About the Michigan Journal of Race & Law

The Michigan Journal of Race & Law is a legal journal that serves as a forum for the exploration of issues relating to race and law. To that end, MJR&L publishes articles, notes, and essays on the cutting edge of civil rights scholarship from a wide variety of scholarly perspectives. MJR&L’s diversity is reflected by the authors with whom we collaborate, ranging from scholars and students to practitioners and social scientists.

Our symposium issue, Vol. 21.2, is now available!

MJR&L SYMPOSIUM Innocent Until Proven Poor: Fighting the Criminalization of Poverty, Feb 19-20, 2016

Featured Blog Post: The September PCAST Report: The State of DNA in Criminal Courtrooms and the Need for a Well-Informed, Disciplined Judiciary by Madeleine Jennings

On September 20, the President’s Council of Advisors on Science and Technology (PCAST) released a report on the state of the forensic sciences in criminal courts. In recent years, PCAST has issued similar reports on many issues in science and technology, including hearing technologies, education technology, antibiotic resistance, and the future of cities, to name a few. The September report discusses the criteria through which courts assess the scientific validity of certain forensic methods and offers recommendations for their improvement and implementation. It provides a welcome resource for forensic scientists and the judiciary, and its issuance is significant, both practically and symbolically.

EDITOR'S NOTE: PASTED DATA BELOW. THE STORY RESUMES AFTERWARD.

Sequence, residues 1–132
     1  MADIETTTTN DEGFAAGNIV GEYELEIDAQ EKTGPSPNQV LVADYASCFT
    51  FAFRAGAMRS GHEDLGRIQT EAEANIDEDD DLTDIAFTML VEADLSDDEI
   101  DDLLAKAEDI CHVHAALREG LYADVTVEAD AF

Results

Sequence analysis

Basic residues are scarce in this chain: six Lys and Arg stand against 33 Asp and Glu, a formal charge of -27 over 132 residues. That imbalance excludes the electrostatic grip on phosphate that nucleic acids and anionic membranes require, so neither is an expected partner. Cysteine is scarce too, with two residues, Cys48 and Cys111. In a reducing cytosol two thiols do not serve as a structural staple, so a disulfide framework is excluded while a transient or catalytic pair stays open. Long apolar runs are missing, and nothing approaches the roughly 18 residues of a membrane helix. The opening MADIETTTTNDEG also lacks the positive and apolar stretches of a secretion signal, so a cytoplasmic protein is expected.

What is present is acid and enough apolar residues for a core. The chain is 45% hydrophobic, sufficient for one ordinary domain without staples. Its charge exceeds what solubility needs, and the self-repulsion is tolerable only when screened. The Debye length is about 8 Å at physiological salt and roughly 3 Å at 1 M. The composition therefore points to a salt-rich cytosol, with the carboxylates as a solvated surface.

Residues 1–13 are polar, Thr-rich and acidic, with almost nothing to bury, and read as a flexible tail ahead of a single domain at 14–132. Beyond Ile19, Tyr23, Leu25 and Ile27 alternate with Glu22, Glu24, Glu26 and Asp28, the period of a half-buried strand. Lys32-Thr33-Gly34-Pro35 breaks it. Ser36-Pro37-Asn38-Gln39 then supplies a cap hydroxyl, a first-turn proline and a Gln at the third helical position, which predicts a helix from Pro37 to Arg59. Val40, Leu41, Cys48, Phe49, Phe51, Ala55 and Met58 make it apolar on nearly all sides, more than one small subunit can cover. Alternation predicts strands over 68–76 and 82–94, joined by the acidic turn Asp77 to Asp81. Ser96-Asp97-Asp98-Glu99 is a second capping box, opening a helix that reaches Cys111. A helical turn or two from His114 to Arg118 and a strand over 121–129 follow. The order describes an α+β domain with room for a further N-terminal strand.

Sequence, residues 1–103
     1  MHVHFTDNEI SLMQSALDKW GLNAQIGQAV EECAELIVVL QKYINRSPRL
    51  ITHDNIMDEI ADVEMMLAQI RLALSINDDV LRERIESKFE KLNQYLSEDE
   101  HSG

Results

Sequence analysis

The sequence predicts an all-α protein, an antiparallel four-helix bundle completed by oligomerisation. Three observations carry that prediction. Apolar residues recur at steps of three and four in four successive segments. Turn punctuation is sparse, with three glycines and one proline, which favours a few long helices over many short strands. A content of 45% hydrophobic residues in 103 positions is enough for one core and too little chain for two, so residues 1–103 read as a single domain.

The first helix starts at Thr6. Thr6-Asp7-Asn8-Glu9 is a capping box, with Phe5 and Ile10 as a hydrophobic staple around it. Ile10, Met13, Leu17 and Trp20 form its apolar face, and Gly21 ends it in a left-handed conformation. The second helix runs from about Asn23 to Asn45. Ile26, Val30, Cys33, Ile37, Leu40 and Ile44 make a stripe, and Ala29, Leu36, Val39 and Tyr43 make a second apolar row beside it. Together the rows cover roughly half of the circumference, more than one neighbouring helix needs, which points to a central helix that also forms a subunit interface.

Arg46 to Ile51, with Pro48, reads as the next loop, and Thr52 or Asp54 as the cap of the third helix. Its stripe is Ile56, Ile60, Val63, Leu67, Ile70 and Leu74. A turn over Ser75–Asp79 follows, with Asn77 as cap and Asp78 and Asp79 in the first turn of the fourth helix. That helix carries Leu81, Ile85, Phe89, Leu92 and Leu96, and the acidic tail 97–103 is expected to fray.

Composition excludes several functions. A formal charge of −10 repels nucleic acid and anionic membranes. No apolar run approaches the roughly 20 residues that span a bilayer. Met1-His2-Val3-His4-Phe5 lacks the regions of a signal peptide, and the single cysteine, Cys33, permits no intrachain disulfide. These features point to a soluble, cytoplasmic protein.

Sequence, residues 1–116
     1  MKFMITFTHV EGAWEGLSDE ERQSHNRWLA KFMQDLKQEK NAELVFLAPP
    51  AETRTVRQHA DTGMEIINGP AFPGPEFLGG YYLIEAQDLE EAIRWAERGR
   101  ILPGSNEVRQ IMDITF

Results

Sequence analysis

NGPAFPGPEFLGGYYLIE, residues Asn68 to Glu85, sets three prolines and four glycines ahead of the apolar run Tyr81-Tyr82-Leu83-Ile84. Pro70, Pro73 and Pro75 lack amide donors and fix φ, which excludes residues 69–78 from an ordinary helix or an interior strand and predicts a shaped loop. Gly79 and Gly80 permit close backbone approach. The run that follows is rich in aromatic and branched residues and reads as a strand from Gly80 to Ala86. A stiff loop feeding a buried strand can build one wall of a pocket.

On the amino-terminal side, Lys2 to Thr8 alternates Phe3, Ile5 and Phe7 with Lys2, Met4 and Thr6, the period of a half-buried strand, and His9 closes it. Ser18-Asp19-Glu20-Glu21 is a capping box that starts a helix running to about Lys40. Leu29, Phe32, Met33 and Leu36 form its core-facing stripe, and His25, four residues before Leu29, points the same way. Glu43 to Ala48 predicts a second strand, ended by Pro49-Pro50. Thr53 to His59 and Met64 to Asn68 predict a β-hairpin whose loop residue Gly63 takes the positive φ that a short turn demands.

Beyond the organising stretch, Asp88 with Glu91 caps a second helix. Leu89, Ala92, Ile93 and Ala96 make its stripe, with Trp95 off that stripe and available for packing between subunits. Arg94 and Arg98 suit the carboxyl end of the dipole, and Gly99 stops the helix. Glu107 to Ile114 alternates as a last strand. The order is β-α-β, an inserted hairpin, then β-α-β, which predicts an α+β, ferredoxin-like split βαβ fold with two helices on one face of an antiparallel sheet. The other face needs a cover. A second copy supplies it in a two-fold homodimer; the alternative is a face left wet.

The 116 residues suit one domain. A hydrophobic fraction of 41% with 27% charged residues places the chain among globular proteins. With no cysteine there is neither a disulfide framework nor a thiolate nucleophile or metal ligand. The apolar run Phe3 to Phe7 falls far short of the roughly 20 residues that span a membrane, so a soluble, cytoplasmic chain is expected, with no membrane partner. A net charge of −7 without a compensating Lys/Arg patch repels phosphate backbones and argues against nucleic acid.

Featured Blog Post: Michigan Emergency Manager Law Upheld by Sixth Circuit by Marcus Baldori

On September 12, 2016, the U.S. Sixth Circuit Court of Appeals upheld the Michigan’s controversial emergency manager law in a 3-0 decision. In general, the law provides that, when certain financial triggers are met, a state-appointed emergency manager will temporarily replace local governments to resolve the financial issue. The court decided that the emergency manager law, also known as Public Act 436, did not restrict the voting rights of residents in financially distressed cities and did not amount to “viewpoint discrimination” (a First Amendment violation).

Featured Blog Post: The Standing Rock Sioux and Dakota Access Pipeline: Just the Beginning by Laura Page

After months of protests, the Standing Rock Sioux Tribe recently celebrated a minor victory, with the U.S. Court of Appeals for the D.C. Circuit granting a temporary injunction of the construction of the Dakota Access Pipeline (DAPL).  In its decision, the court emphasized that the injunction was merely temporary and “should not be construed in any way as a ruling on the merits” of the Tribe’s appeal for permanent injunction.